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After defeating Ngaw Wa:n Luhung (Uma:' Laran chief), Lejiw "Aya'" (Long Glat chief) and his Kenyah allies held a feast in the upper Danum (Kayan headwaters).
Some of their oral histories include the names of these paramount chiefs, such as "Dia:n Lulaw" (also, Dia:n Luio: Kasok, Lake' Dia:n), "Ngaw Wa:n Luhung" (Ngo: Wa: n, Lake' Langat), and "Lejiw" (Lejaw Aya') (Nyipa 1956; Harrisson 1961; Kaboy 1974; Uyo 1980; Sandin 1980; Devung et al.
Laran chief, Ngaw Wa:n Luhung, together with some siblings, including Pay Wa:n Luhung (Pay Luhung "Aya'," see 5-1), and the Long Glat chief, Lejiw Do:m Ba:ng Lawing, and his son, Ding "Tung" (Table 4).
Referring to the genealogy of the Ga'ay Long Ba'un (Table 9), Ngaw Wa:n Luhung seems to belong to the same generation as Ping Wa:n Ding Wa:n Luhung, great-granddaughter of the first chief Bit Ivung, because Ping's son, Jiw Luhung, is said to have married Ngaw's daughter, Luhung Ngaw.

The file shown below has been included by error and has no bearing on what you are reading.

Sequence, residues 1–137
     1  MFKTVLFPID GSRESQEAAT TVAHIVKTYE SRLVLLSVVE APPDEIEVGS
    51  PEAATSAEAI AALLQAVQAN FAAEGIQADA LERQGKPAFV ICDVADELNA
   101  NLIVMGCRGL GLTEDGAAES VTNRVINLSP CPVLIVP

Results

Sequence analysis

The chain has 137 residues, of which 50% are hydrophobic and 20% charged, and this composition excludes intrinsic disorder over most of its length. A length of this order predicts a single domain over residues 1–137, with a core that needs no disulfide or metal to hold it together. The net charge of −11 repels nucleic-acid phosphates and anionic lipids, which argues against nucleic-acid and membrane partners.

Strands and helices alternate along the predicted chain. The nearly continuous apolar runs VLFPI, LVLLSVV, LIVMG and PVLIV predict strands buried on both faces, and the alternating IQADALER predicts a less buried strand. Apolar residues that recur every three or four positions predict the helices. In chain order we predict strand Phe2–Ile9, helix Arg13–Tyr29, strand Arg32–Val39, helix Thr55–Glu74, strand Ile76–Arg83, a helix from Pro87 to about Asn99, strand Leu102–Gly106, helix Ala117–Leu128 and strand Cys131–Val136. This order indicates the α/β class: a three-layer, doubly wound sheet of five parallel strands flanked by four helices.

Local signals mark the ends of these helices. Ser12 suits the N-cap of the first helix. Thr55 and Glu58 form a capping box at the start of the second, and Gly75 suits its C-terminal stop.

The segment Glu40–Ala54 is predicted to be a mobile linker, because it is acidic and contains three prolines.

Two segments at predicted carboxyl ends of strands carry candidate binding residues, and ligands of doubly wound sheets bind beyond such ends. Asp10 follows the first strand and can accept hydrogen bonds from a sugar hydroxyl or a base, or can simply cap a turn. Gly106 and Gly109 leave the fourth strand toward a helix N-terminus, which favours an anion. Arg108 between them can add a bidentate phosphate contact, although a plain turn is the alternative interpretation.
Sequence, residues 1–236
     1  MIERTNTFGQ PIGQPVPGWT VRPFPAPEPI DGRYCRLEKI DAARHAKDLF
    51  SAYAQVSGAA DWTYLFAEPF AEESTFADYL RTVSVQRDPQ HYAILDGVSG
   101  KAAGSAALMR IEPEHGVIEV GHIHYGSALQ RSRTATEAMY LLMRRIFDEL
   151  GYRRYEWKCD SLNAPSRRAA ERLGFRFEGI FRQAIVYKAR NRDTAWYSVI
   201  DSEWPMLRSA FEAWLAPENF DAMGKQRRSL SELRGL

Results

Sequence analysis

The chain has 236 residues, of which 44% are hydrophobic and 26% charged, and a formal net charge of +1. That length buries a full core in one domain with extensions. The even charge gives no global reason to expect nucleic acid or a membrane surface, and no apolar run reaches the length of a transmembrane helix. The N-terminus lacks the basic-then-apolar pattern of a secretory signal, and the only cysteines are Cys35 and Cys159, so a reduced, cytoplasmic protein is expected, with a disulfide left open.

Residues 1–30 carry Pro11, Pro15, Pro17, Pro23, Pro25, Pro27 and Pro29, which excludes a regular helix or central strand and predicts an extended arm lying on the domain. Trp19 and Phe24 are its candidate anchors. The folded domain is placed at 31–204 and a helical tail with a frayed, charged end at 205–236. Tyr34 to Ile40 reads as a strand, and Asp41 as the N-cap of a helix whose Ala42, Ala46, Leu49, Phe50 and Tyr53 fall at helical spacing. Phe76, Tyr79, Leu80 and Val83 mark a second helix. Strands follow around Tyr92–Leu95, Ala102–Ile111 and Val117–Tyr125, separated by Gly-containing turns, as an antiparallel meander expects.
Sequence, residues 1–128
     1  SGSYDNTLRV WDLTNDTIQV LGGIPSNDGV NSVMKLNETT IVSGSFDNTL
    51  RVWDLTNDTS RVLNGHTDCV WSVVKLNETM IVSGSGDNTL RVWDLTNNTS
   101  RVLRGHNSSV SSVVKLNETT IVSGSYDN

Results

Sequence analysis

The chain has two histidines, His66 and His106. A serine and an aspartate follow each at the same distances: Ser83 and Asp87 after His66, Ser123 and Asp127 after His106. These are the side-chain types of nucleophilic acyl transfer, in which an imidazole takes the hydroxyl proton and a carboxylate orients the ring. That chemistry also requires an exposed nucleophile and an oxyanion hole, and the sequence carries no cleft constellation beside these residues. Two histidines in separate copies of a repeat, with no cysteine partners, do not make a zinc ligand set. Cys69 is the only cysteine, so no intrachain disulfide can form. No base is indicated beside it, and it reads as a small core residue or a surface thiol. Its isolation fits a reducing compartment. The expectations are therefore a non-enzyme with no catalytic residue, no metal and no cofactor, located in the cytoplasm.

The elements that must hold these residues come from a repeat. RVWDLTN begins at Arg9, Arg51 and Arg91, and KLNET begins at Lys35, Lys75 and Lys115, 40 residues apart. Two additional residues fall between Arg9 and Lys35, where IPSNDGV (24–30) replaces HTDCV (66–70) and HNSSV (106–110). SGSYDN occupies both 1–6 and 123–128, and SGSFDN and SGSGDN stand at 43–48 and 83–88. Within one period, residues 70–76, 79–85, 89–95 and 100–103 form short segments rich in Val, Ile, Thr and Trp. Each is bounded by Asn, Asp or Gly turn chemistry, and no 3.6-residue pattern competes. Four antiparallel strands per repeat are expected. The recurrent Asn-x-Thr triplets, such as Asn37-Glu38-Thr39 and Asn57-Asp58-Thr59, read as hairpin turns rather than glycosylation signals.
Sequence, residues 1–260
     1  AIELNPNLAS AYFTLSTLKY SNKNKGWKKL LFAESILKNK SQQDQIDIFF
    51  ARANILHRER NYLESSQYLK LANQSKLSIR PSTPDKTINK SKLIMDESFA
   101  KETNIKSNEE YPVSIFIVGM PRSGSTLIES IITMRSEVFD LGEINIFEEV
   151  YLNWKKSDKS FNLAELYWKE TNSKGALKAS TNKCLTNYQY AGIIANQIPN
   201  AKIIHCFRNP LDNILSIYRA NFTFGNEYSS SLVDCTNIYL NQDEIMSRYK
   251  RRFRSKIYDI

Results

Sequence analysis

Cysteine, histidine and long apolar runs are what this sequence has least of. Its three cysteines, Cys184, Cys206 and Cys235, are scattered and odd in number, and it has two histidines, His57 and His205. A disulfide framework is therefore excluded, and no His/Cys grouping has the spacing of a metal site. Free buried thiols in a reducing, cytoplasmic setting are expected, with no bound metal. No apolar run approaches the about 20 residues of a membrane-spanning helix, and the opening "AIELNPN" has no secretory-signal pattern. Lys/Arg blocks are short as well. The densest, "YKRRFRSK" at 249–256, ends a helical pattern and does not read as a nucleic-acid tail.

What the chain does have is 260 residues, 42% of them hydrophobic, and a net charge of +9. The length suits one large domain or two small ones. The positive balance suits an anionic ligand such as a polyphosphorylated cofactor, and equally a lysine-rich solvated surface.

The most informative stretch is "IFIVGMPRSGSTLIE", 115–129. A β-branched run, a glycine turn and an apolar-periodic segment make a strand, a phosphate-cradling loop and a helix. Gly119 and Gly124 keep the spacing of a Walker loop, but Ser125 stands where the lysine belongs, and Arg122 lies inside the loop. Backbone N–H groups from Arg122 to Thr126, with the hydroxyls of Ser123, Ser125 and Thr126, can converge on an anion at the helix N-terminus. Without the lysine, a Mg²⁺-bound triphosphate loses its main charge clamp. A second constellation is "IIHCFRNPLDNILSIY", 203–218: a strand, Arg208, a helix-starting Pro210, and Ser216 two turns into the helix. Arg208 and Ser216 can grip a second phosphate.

At that time, the Kayanic peoples of Apo Kayan were divided into two alliance groups, one under Ding Lejiw and the other his rival, Ngaw Wa:n Luhung ("Ngo Wan Luhong").
In fact, the Uma:' Laran under his rival, Ngaw Wa:n Luhung, were also mixed with the Ga'ay Long Ba'un.
At the time, the Apo Kayan region was divided between two paramount chiefs, Ngaw Wa:n (Ngaw Wa:n Luhung above, Uma:' Laran) in Long Kejanan, and Lejiw "Aya'" (Lejiw Do:m Ba:ng Lawing in Table 4) and his son Ding "Tung" at the headwaters of the Jemahang and Danum rivers (see Map l).
After the death of Kuleh, his brother, Lejiw "Aya'," in Long Jemahang declared he would seek revenge against Ngaw Wa:n.
Hearing about the war against Ngaw Wa:n, Bilung offered to help Lejiw with his Kenyah forces.